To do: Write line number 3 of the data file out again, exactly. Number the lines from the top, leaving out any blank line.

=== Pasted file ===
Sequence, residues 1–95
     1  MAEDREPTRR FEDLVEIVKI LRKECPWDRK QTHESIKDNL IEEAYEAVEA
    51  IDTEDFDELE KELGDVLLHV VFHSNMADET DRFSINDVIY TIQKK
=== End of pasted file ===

    51  IDTEDFDELE KELGDVLLHV VFHSNMADET DRFSINDVIY TIQKK